Voices: By filming trials, we risk turning justice into reality television

·4-min read

The first woman to be sentenced to life imprisonment on television in the UK was broadcast live for the world to watch. Jemma Mitchell, 38, was given a minimum sentence of at least 34 years after she was found guilty of murdering Mee Kuen Chong, an extremely isolated and vulnerable woman. It was a heinous act.

A new law came into force this summer allowing TV cameras to broadcast from crown courts for the first time in England. Only the judge and the sentencing remarks will be filmed, which brings into question the purpose of the broadcasting. If the trial itself – the lawyers, the court proceedings and the evidence – isn’t going to be broadcast, then what makes televising the sentencing in the public interest? Is it to show that the UK courts are “tough on crime”? Is it to encourage deterrence from committing criminal offences?

My concern is the potential creeping move towards cameras in courtrooms, which could culminate in the filming of the entire courtroom and individuals present. Could entertainment be prioritised over justice? Could rape or domestic abuse victims be reluctant to pursue a prosecution if their trial is broadcast?

We’ve all seen courtroom dramas play out on our TV screens: Judge Judy, Judge Rinder, Ally McBeal, Silk, Defending the Guilty, clips from Ted Bundy’s notorious trial and OJ Simpson’s trial; and then came the courtroom drama of the decade – the Depp v Heard defamation trial – which was live-streamed on YouTube for our entertainment. It can sometimes be difficult to distinguish between fact and fiction; between real life and reality television. But there is a significant difference between those who are acting, and victims who have suffered horrendous abuses.

It’s unsettling, even disturbing, to watch a real trial, in real-time, with real victims retelling accounts of abuse on the same device that you also use to binge watch Keeping Up With the Kardashians or The Only Way is Essex. How are we expected to desensitise ourselves to one “show”, but not the other?

In May 2022, millions of people tuned in to watch the Depp v Heard US civil trial as if it was a reality TV show. It was all popcorn and drama, until it became trauma porn. We heard harrowing accounts of alleged abuse, sexual violence and intimate details about the couple’s lives that became clickbait. It turned into a popularity contest taking place in a courtroom with the most unlikable being mocked endlessly on social media. It was trial by TikTok. A real-life Judge Judy. Of course, Depp won the case and was awarded substantial libel damages.

Returning to criminal courts, it is a well-known fact that perpetrators of horrific crimes are usually charming or charismatic, this is precisely how they lure their victims in. When cases and trials focus on who is more likeable or entertaining, viewers are naturally drawn to the charming or funny individual as opposed to the vulnerable, traumatised one. A clear historical example of charisma and entertainment taking precedence over the banal reality of dealing with facts and evidence is the televised Ted Bundy case in 1979.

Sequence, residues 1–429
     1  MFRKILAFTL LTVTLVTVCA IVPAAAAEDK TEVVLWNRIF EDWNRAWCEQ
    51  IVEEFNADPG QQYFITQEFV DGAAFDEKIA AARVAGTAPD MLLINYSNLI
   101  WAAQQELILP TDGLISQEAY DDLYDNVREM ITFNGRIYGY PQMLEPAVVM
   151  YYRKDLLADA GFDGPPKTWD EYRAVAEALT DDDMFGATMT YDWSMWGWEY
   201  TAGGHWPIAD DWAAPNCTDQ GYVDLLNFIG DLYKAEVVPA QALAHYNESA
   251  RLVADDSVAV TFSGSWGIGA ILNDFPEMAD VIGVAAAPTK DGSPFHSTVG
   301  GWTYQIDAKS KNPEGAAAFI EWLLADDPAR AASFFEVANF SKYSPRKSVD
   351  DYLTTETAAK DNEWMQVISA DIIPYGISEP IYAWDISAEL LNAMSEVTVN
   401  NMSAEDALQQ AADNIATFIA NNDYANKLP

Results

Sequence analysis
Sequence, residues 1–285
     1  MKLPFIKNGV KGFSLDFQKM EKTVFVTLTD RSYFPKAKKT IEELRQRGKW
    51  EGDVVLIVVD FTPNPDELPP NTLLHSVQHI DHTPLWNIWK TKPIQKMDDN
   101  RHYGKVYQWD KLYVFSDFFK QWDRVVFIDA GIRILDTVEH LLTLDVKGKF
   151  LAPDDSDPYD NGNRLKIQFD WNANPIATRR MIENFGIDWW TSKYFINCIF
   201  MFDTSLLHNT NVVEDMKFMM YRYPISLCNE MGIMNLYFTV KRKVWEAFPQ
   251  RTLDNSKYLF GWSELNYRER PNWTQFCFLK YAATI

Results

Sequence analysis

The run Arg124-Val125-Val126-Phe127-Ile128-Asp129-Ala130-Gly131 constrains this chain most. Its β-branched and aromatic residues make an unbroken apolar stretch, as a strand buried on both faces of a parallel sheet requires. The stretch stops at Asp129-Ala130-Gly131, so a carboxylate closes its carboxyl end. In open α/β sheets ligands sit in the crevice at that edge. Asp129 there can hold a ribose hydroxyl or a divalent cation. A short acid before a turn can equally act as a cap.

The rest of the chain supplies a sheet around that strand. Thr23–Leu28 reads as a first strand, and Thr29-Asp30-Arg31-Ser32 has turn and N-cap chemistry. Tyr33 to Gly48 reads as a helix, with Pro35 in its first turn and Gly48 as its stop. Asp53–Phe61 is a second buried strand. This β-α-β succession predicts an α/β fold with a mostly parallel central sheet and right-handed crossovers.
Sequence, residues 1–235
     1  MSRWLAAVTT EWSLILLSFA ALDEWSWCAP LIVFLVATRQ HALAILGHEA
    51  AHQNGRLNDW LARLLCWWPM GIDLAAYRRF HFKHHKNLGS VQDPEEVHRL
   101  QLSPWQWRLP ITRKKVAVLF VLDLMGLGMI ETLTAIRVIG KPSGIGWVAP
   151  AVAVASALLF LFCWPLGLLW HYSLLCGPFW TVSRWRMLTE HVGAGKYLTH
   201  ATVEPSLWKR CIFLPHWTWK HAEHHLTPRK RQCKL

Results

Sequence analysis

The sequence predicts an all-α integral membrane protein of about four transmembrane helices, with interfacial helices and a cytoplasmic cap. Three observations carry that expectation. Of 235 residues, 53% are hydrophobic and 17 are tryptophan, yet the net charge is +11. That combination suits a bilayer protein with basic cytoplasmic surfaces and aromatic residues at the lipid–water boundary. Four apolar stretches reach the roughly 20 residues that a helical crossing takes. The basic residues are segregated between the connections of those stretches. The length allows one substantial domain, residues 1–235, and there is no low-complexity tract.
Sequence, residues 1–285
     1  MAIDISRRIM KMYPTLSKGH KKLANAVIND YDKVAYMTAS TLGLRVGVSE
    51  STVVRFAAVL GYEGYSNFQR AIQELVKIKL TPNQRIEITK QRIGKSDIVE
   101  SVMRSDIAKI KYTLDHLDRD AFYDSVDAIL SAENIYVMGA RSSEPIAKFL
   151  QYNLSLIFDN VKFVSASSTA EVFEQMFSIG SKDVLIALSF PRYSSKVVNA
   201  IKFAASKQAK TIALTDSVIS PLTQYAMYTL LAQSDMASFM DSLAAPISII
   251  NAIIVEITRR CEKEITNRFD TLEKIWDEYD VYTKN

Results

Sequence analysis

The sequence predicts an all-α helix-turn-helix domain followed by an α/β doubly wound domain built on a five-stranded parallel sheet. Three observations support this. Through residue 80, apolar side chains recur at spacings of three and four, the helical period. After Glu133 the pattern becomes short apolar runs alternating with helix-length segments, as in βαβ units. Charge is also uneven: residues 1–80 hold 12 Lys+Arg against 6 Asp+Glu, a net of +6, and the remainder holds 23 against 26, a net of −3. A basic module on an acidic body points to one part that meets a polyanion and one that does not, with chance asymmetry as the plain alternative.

Ted Bundy’s trial was the first to be televised across the whole of the US, as he stood accused of the Chi Omega murders. The brutal attack on four of the Florida State University sorority’s members left two women dead. Bundy played on the courtroom’s cameras; with his good looks and charisma, he used it to his advantage and acted as his own lawyer – even speaking in the third person. The trial was covered by more than 250 journalists from around the world. Many were fascinated by a man who had evaded justice for many years and managed to orchestrate two escapes.

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As a family law barrister, I’ve seen very exceptional cases held online for public viewing. One such case involved allegations of rape, domestic abuse and coercive and controlling behaviour. I support transparency and accountability. It is important that the public “see” justice being done and that myths about how the justice system operates are dispelled.

However, I couldn’t help but feel a heavy heart when I saw people writing vicious sexist comments on Twitter about complainants of rape. My worry is that women and children will read social media comments and suffer re-victimisation and re-traumatisation. Wherever possible, the court should be a place of integrity and safety, it should never be used as a platform to cause further harm.

I do believe in upholding the transparency of court proceedings as well as reinforcing confidence in the justice system. Many people will never have set foot into a courtroom, yet it is important that people understand the inner workings of a key function of our democracy. By televising parts of the justice system, the public will be able to observe the justice system in action, which in turn could help the public better understand the complex decisions judges make each day.

It is clear that televised trials are a balancing act between transparency and accountability, which are staple pillars of a healthy, functioning justice system. But it must not deter victims from coming forward for fear that their trial – which may involve viscerally intimate details – will be thrust into the public eye just like any other TV drama.

Dr Charlotte Proudman is a barrister specialising in violence against women and girls, and a junior research fellow at Queens’ College, Cambridge